Definite and indefinite pitch

Not all musical instruments make notes with a clear pitch; percussion instruments are often distinguished by whether they do or do not have a particular pitch. A sound or note of definite pitch is one of which it is possible or relatively easy to discern the pitch. Sounds with definite pitch have harmonic frequency spectra or close to harmonic spectra.[10]

A sound generated on any instrument produces many modes of vibration occurring simultaneously. A listener hears numerous frequencies at once. The vibration that has the slowest rate is called the fundamental frequency, the other frequencies are overtones.[13] An important class of overtones is formed by the harmonics, which have frequencies in integer multiples of the fundamental.

A sound or note of indefinite pitch is one of which it is impossible or relatively difficult to discern a pitch. Sounds with indefinite pitch do not have harmonic spectra or have altered harmonic spectra.

It is still possible for two sounds of indefinite pitch to clearly be higher or lower than one another, for instance, a snare drum invariably sounds higher in pitch than a bass drum, though both have indefinite pitch, because its sound contains higher frequencies. In other words, it is possible and often easy to roughly discern the relative pitches of two sounds of indefinite pitch, but any given sound of indefinite pitch does not neatly correspond to a given definite pitch. A special type of pitch often occurs in free nature when the sound of a sound source reaches the ear of an observer directly and also after being reflected against a sound-reflecting surface. This phenomenon is called repetition pitch, because the addition of a true repetition of the original sound to itself is the basic prerequisite.

Concert pitch

Concert pitch is the pitch reference to which a group of musical instruments are tuned for a performance. Concert pitch may vary from ensemble to ensemble, and has varied widely over musical history.

The A above middle C is usually set at 440 Hz (often written as "A = 440 Hz" or sometimes "A440"), although other frequencies are also often used, such as 442 Hz. Historically, this A has been tuned to a variety of higher and lower pitches. For example, Michael Praetorius proposed a standard of 465 Hz in the early 17th century.[14][not in citation given]

The transposing instruments in an orchestra will conventionally have their parts transposed into different keys from the other instruments (and even from each other). As a result, musicians need a way to refer to a particular pitch in an unambiguous manner when talking to different sections of the orchestra.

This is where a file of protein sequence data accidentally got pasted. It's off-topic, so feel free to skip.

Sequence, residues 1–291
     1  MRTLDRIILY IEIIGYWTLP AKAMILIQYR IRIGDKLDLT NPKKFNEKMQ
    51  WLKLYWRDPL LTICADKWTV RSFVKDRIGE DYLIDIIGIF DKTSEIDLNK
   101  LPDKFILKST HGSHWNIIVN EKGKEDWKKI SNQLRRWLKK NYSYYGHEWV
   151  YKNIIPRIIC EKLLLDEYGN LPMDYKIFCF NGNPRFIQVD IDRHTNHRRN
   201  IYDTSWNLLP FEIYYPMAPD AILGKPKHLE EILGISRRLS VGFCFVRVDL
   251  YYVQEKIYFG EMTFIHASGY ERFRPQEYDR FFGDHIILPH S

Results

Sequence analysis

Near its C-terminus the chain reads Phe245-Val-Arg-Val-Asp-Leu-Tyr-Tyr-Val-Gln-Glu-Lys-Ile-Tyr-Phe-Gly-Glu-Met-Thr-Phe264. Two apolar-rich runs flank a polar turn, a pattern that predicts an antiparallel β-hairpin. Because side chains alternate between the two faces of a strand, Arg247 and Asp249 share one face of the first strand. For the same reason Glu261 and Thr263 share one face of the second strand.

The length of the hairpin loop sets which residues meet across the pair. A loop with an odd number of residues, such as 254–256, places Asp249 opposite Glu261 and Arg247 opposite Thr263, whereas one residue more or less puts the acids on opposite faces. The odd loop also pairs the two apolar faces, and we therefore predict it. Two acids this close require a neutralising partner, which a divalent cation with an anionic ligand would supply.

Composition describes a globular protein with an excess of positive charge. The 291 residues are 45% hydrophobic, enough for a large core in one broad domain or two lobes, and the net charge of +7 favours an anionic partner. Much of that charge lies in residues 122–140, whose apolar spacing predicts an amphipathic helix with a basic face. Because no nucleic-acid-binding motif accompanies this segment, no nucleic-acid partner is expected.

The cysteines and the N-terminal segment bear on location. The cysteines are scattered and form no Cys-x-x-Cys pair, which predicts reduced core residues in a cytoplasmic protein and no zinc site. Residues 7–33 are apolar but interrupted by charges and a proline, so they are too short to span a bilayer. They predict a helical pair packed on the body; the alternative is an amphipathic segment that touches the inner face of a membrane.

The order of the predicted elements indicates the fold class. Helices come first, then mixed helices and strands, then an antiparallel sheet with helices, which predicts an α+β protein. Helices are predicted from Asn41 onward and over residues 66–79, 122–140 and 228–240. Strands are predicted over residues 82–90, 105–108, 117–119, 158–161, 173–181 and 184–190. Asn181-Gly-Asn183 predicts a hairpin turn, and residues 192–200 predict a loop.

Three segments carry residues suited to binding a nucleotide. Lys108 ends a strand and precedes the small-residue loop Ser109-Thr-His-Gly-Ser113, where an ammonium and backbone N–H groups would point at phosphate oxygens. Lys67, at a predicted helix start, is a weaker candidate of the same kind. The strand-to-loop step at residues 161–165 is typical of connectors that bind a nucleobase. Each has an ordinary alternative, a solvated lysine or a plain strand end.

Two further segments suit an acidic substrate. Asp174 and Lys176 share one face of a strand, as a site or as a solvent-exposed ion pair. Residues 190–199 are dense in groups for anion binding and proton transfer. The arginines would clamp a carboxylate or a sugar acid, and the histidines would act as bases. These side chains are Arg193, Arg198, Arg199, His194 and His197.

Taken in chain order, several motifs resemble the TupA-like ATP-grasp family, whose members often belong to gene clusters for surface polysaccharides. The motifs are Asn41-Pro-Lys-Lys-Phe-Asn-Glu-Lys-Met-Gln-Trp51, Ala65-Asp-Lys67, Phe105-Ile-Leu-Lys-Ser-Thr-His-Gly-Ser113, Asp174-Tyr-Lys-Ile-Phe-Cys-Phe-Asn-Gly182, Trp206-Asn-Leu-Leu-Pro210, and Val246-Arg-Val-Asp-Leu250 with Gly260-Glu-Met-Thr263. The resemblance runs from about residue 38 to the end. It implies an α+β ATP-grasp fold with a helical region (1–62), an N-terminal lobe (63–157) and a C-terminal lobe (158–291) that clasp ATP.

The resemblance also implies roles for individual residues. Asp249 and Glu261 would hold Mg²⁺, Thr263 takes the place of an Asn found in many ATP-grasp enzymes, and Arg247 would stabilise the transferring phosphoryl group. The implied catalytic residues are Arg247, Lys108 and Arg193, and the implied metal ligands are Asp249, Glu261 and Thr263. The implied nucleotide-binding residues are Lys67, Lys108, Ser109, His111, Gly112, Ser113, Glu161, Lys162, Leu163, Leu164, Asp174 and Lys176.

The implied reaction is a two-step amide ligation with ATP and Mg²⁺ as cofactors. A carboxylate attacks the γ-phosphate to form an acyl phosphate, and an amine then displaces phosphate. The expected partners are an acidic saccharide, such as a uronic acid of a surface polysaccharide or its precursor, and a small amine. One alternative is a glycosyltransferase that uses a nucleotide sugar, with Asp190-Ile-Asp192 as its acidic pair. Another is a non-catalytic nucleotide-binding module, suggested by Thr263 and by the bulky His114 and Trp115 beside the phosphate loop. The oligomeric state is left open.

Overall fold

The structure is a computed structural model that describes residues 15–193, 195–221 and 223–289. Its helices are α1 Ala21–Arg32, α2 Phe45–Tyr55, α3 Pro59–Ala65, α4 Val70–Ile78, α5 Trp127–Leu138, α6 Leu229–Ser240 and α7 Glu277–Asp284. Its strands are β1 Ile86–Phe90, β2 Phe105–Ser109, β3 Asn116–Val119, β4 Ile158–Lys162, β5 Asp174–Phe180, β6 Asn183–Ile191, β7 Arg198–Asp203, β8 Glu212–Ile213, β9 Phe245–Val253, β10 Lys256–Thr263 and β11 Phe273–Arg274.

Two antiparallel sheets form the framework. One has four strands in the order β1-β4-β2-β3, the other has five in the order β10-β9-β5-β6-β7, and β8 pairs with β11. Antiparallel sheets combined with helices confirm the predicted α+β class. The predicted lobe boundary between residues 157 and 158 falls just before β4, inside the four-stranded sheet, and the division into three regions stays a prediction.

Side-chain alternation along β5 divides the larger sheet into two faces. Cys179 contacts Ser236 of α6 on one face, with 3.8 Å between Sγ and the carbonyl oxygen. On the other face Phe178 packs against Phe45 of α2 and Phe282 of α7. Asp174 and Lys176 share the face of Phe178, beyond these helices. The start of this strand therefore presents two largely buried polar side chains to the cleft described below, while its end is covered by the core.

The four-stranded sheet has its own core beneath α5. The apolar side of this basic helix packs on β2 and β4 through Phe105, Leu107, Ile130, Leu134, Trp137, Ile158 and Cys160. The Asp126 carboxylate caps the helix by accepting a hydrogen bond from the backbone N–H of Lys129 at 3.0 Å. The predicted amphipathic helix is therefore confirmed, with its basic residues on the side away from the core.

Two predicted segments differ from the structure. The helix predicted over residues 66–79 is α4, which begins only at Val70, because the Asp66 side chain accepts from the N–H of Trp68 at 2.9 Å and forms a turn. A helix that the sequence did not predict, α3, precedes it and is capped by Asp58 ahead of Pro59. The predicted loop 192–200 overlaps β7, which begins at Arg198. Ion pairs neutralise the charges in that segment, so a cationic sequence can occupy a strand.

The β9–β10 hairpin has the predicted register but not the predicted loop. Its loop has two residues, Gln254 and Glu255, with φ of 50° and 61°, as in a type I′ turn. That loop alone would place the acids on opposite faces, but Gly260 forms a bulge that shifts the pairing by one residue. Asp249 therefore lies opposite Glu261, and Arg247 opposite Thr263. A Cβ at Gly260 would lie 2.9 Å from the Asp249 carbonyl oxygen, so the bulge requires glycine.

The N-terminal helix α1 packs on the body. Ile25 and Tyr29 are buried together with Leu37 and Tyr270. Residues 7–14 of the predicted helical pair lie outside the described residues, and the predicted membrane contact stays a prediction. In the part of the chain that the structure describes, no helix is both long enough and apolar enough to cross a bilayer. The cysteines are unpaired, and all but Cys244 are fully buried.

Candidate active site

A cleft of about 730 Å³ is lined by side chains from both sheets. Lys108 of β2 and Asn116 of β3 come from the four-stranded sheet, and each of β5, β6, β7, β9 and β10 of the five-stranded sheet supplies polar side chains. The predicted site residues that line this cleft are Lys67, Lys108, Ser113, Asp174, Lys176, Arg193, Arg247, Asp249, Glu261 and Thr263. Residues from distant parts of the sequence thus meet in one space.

For example, the most common type of clarinet or trumpet, when playing a note written in their part as C, will sound a pitch that would be called B on a non-transposing instrument like a piano. If you wanted to refer to that pitch unambiguously, you would call it "concert B", meaning "the pitch that someone playing a non-transposing instrument like a piano would call B".

Labeling pitches

Note frequencies, four-octave C major diatonic scale, starting with C1.

Pitches can be labeled using letters, as in Helmholtz pitch notation; using a combination of letters and numbers, as in scientific pitch notation, where notes are labelled upwards from C0, the 16 Hz C; or by a number representing the frequency in hertz (Hz), the number of cycles per second. For example, one might refer to the A above middle C as "a'", "A4", or "440 Hz". In standard Western equal temperament, the notion of pitch is insensitive to "spelling": the description "G4 double sharp" refers to the same pitch as "A4"; in other temperaments, these may be distinct pitches.

Human perception of musical intervals is approximately logarithmic with respect to fundamental frequency: the perceived interval between the pitches "A220" and "A440" is the same as the perceived interval between the pitches "A440" and "A880". Motivated by this logarithmic perception, music theorists sometimes represent pitches using a numerical scale based on the logarithm of fundamental frequency. For example, one can adopt the widely used MIDI standard to map fundamental frequency, f, to a real number, p, as follows

p = 69 + 12\times\log_2 { \left(\frac {f}{440\; \mbox{Hz}} \right) }

This creates a linear pitch space in which octaves have size 12, semitones (the distance between adjacent keys on the piano keyboard) have size 1, and A440 is assigned the number 69. (See Frequencies of notes.) Distance in this space corresponds to musical intervals as understood by musicians. An equal-tempered semitone is subdivided into 100 cents. The system is flexible enough to include "microtones" not found on standard piano keyboards. For example, the pitch halfway between C (60) and C (61) can be labeled 60.5.


The relative pitches of individual notes in a scale may be determined by one of a number of tuning systems. In the west, the twelve-note chromatic scale is the most common method of organization, with equal temperament now the most widely used method of tuning that scale. In it, the pitch ratio between any two successive notes of the scale is exactly the twelfth root of two (or about 1.05946). In well-tempered systems (as used in the time of Johann Sebastian Bach, for example), different methods of musical tuning were used. Almost all of these systems have one interval in common, the octave, where the pitch of one note is double the frequency of another. For example, if the A above middle C is 440 Hz, the A an octave above that will be 880 Hz .

Other musical meanings of pitch